UTEP Students, Faculty Discuss Connection Between School and Life
Last Updated on February 21, 2019 at 12:00 AM
Originally published February 21, 2019
By Laura L. Acosta
For Rosa Escalante, a health promotion major at The University of Texas at El Paso, engaging people in disease prevention and wellness education at health fairs and other public events has enabled her to jump-start her career as a health educator while also making a difference in the community.
“We promote health and we teach the community how to have healthier lifestyles,” said Escalante, who expects to graduate in May 2019. As president of UTEP’s Eta Sigma Gamma - Gamma Lambda chapter, a national honorary association for health education students, Escalante has helped organize events on sexual violence prevention and healthy eating.
“(Community participation) has made me more aware of the (community’s) needs and has given me more of a hands-on experience in my field,” she added.
Escalante was among dozens of UTEP students and faculty members at the most recent Dean’s Dialogue session in the College of Health Sciences who talked about the value of engaging students in real world practice as part of their educational experience.
By doing so, students will be prepared for more than a job, but also a lifetime of civic engagement.
“There was general agreement among the participants that for higher education to be truly transformative, it must enable students to gain a deeper understanding of some of the most pressing issues facing our nation and world,” said Shafik Dharamsi, Ph.D., dean of the College of Health Sciences and the event’s moderator. “Students need to be engaged in learning activities that require creative and collaborative problem-solving skills, critical thinking, working in diverse teams, and ethical reasoning, which will help them be both outstanding employees and transformative global citizens.”
Initiated in 2018 by the College of Health Sciences, the Dean’s Dialogue series offers UTEP students an opportunity to share ideas and promote issues with college administrators, faculty and staff, and invited guests. Topics include ethics, global literacy, cultural competence and social responsibility.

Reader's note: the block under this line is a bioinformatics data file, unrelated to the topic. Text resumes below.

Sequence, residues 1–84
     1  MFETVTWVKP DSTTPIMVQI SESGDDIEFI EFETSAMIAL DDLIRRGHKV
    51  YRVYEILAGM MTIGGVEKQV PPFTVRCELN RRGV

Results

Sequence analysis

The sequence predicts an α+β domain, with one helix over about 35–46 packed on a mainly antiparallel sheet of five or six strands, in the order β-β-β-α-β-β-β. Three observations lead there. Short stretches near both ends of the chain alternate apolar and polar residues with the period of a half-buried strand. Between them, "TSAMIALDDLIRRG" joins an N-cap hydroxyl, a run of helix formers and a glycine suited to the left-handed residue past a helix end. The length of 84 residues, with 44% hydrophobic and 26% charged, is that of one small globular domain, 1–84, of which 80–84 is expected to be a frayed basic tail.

Aside from Dharamsi, January’s event featured Clifton Tanabe, Ph.D., dean of the College of Education, and Denis O'Hearn, Ph.D., dean of the College of Liberal Arts.
They encouraged students and faculty members to talk about the connection between higher education and the real world.
Some students said they preferred to engage in service-learning opportunities that provide them with real-world experience, but also mold students into civically engaged citizens.
Faculty members also expressed their support for engaging students in these activities, hoping that the knowledge they gain would one day solve some of the most pressing issues facing society.
"One of the exciting things about coming to UTEP is to work with a group of deans who are all dedicated to the mission of access and excellence,” O'Hearn said. “The access part of this is a two-way street. Not only must we invite students from all backgrounds into the University, we also have to get out of the classroom and into the community. Having dialogues like this is a critical part of the process of building these things. We can let the faculty and students know that we are serious about community engagement but at the same time we get their ideas about how it can be done and strengthened."
Francisco Morales-Acuña, M.D, a doctoral candidate in UTEP’s Interdisciplinary Health Sciences (IHS) program, manages the Clinical Applied Physiology (CAPh) lab led by Alvaro Gurovich, Ph.D., director of the Doctor of Physical Therapy program.
The CAPh lab is preparing students in the Bachelor of Science in Rehabilitation Sciences program to lead the lab’s community outreach activities and to participate fully as research assistants and co-authors in research projects.
“Students in the lab are doing things they’ve never done before,” Morales-Acuña said. “They have great opportunities. They’re working on projects and attending research conferences as undergraduate students.”
During the Dean’s Dialogue, Morales-Acuña stressed the value of incorporating hands-on learning activities into the classroom that mimic real-world situations.
In the rehabilitation sciences course he teaches, Morales-Acuña assigned students a clinical case involving a patient with a broken ankle. Students were grouped into different health professions – physical therapists, emergency medical technicians, nurses, physicians, radiologists and occupational therapists. They worked together to develop a plan of care.
“Students are engaged,” he said. “They learn to work as a team, which for me is the most important thing in real life.”
In Isabel Latz’s experience, students benefit from a combination of service-learning opportunities and classroom activities.
“It is typical classroom-related activities that I have personally greatly benefited from in my professional development,” said Latz, an IHS doctoral student who also attended the event.
For Latz, these activities included in-depth discussions of books, journal articles and essays; understanding relevant theories and methodologies in a field; and learning effective writing skills.
“Clearly, students benefit the most when they get a chance to practice and apply these skills in practice, including outside of classroom settings,” she said. “Therefore, I think it is important to combine different approaches and explain to students how they can benefit from classroom as well as service-based learning environments.”
Students and faculty members can join the conversation at the next Dean’s Dialogue session taking place later in 2019.